Visstick9 Builder Application


What is your Minecraft username?

What is your age?

In what country are you living?

Where did you first hear about WesterosCraft?

What do you like the most about GoT/ASoIaF?
I love Fantasy stories like A song of ice and fire or The Lord of the Rings, i'm also a fan of castles and epic battles like Blackwater Bay. My personal favorite character is Theon Greyjoy because he is very interesting, he goes trough a lot of character development : from being a cocky guy to the weak Reek after Ramsay tortured him. In the show his story line pays of quite well in comparison to other characters.

What is your favorite build on our server?
My favorite build is the Pyke castle because I like the Greyjoy house an i'm a huge fan of the way the islands on which the towers stand look.

Why do you want to join our server?
I'd love to join the server because I love A song of ice and Fire and Minecraft and it would be amazing if I could use my building skills to realize this world within the game.

Tell us about your build.
I built a simple peasant house, i'm not sure whether I made it too big, but the style is based of some of the buildings around the Ashemark castle with the black slate roof and the vivid dark sandstone walls.


Did you follow the application rules?
You know nothing, Jon Snow


The Dark Lord Sauron
Staff member
Hey WedgeRx,

Thanks for your patience!

This house is a rather nice start - the colors all go well together, and structurally it seems pretty realistic for the most part. The style and execution of the house is a bit below current server standards, but I think with some practice you'll catch up to server standards quickly. Here's some of the main feedback I have on this house:

- Overall, the exterior just feels a bit too overdetailed. Our current building standards can be summed up by "tasteful simplicity" - while you don't want buildings to look too plain, you also want to avoid adding messiness in the form of noise, harsh contrasts in textures/colors, or unnecessary detail for the sake of detail. Much of the feedback I can give right now would reduce to this point. For example, you should avoid the stair block overhangs in the stone foundation of the house, and instead just have the foundation be flush with the walls of the house. Likewise, you should get rid of the wood fence supports and the bulky wood arches above windows.

- Try to have rooves be linear in slope; either 45 degrees (stair-stair-stair-...) or 60 degrees (stair-block-stair-...). Avoid discontinuities in the roof shape, like the one you have about halfway down.

- Avoid 1x2 (horizontal) window shapes in general. It's far more common to have 1x1 windows or 2x1 (vertical) windows.

- Try to subdivide the interiors into smaller rooms for a larger house like this. Rely less on clutter blocks (crates/barrels/etc.) and try to think about what objects a medieval house would plausibly have, and how to represent those in minecraft.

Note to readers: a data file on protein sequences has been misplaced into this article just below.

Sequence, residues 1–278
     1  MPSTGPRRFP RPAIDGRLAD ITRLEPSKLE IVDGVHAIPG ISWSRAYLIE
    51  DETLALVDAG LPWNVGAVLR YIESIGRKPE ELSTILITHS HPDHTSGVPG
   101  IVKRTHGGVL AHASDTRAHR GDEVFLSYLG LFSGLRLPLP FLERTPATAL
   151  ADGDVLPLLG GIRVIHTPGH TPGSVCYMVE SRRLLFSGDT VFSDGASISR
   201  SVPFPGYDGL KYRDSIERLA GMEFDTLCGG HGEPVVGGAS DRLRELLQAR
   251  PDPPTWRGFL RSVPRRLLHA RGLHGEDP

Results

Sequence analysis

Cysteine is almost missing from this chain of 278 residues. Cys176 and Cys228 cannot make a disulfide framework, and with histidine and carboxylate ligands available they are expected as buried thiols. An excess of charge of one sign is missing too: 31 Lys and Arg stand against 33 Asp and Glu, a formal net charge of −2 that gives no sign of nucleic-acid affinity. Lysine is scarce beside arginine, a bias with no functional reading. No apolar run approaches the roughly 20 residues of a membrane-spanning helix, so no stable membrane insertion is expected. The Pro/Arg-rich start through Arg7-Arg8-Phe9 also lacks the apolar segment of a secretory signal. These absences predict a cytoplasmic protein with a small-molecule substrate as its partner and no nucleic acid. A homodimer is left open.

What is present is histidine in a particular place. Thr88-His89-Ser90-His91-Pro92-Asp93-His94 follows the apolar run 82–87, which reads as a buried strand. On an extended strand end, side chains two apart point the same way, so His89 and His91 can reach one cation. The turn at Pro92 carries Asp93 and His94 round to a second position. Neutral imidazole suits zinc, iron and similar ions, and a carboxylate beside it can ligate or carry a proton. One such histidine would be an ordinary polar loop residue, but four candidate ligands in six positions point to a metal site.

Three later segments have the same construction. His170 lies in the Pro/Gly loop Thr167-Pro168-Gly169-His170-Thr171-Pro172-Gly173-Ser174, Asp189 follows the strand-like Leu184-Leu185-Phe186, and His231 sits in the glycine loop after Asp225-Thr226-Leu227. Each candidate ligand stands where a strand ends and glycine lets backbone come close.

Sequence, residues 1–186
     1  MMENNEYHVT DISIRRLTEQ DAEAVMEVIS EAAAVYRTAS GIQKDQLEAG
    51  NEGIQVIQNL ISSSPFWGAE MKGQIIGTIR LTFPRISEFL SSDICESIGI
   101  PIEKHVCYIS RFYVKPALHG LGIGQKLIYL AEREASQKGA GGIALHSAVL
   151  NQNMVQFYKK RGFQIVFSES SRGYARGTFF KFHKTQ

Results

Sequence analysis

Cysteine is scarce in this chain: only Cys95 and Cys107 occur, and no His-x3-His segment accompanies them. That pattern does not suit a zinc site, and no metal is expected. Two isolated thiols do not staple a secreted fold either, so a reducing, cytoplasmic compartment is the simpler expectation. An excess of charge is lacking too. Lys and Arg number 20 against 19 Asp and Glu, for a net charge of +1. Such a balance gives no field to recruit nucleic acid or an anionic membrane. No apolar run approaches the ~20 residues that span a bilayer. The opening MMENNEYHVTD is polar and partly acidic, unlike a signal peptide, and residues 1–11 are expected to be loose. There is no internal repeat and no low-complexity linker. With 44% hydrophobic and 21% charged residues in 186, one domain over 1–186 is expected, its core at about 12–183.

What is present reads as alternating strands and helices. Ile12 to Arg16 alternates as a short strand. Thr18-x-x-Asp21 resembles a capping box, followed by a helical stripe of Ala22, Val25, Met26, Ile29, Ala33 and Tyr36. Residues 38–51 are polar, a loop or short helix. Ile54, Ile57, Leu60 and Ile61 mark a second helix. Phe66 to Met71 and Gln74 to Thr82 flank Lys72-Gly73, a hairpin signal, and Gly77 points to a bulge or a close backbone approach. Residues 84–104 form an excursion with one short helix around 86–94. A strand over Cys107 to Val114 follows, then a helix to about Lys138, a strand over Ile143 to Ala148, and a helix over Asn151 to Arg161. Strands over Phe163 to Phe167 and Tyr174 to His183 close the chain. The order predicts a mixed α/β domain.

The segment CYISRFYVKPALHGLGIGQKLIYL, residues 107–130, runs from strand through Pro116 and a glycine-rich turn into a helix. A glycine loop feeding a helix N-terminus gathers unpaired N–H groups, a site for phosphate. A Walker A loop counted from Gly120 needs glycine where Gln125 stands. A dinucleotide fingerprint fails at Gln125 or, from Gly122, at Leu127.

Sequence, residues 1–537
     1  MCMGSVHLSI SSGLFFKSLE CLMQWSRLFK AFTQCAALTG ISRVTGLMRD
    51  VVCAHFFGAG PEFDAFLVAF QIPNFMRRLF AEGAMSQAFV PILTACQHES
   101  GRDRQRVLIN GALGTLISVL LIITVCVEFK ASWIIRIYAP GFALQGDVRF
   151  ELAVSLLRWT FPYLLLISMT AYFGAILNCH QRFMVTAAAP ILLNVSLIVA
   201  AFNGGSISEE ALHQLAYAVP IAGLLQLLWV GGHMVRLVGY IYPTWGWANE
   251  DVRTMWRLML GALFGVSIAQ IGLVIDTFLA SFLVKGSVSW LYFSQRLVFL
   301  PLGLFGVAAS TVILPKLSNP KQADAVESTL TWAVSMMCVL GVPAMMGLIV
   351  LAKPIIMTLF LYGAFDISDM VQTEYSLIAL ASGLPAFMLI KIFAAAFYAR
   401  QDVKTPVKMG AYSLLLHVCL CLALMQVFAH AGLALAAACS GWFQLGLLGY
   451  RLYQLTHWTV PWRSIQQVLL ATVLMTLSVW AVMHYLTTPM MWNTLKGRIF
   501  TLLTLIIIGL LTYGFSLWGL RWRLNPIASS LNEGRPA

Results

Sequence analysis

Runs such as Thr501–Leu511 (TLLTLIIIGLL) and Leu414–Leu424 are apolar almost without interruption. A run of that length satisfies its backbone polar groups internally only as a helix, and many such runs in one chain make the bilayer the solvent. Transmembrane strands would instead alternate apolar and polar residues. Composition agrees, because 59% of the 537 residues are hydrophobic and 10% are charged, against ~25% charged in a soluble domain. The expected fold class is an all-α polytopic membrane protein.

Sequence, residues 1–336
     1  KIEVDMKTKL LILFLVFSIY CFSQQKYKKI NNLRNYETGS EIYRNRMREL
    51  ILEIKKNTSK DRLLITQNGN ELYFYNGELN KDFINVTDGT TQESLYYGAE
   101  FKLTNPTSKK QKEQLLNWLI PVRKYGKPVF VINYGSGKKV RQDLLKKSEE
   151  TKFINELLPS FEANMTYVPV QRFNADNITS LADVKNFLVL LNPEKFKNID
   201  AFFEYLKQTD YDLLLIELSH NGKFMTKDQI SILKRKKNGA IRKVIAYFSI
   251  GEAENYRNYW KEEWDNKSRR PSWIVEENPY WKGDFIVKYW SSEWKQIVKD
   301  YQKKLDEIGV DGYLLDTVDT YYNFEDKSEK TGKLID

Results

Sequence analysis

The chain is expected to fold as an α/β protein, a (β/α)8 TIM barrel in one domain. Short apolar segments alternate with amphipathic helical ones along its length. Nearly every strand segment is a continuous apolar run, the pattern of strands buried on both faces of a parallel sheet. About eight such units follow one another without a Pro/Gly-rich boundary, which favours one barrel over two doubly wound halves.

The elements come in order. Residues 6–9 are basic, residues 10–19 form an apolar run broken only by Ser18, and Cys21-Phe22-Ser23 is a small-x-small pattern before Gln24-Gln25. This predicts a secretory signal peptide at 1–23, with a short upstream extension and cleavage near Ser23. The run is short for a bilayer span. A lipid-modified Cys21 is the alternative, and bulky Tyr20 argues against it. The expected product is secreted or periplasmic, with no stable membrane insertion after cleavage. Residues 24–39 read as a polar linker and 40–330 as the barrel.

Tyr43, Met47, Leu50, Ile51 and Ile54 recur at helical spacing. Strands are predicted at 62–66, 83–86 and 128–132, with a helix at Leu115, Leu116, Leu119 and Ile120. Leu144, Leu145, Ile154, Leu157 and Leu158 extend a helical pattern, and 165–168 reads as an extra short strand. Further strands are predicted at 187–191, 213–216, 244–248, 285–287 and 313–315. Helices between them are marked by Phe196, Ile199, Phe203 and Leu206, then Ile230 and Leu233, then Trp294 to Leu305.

- I'd use a smaller and more compact hearth design for a normal house; the current one takes up a lot of space and has an awkward placement.

- Make sure to have wood rafters to support the slate ceiling here. Take a look at some houses in recent builds that have slate ceilings, and look at how they represent rafters. Similarly for the bottom floor, try to make the ceiling a bit less messy - take a look at some examples on the server.

- When using cabinet/bench blocks, like here, make sure to cover up all sides except for one with "half door" blocks or other furniture. This way, there won't be drawers exposed on multiple sides.

There are some other more minor points I could make, but at this point I think it's more useful to provide a list of recent builds that you can study and practice with. Before working on the challenge build (which I'll provide below), I suggest exploring these areas and trying your hand at a few of the styles.

The North
  • Beresford
  • White Harbor
The Riverlands
  • Duskendale
  • Maidenpool
  • Fairmarket
The Vale
  • Wickenden
  • Old Anchor (town at /warp oldanchortown)
The Crownlands
  • King's Landing update (open districts found at /warp KL1, KL8, KL21, KL31, KL32, KL35 and KL36)
  • Gaunt
  • Pyle
The Reach
  • Highgarden
  • Varner
  • Whitegrove
  • Holyhall
  • Woodwright
The Stormlands
  • Felwood
  • Mistwood
The Westerlands
  • Sarsfield
  • Stackspear
  • Silverhill
  • The Tor
  • Wyl
Other useful resources
  • /warp gradient
  • /warp furnish

Once you feel comfortable proceeding, for the first challenge build, please make a medium-sized house in the style of /warp woodwright, along with a yard. Let me know if you have any questions about my feedback above or the challenge style. Good luck!


Thank you for the feedback and the response, it was very helpful. I do have a small question in terms of over-detailing though: in my previous build I added a lot of detail on the front of the house in order to hide the abrupt transition from sandstone into wood, if I removed this detailing the house looks very flat an uninteresting what could I do in order to solve this issue without over-detailing?

I also did the challenge build and tried my best not to add an overdose of detail and to pay attention to the angles of the roof, window sizes, half-doors and roof supports I hope this is an improvement over my previous house...


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The Dark Lord Sauron
Staff member
Hey WedgeRx,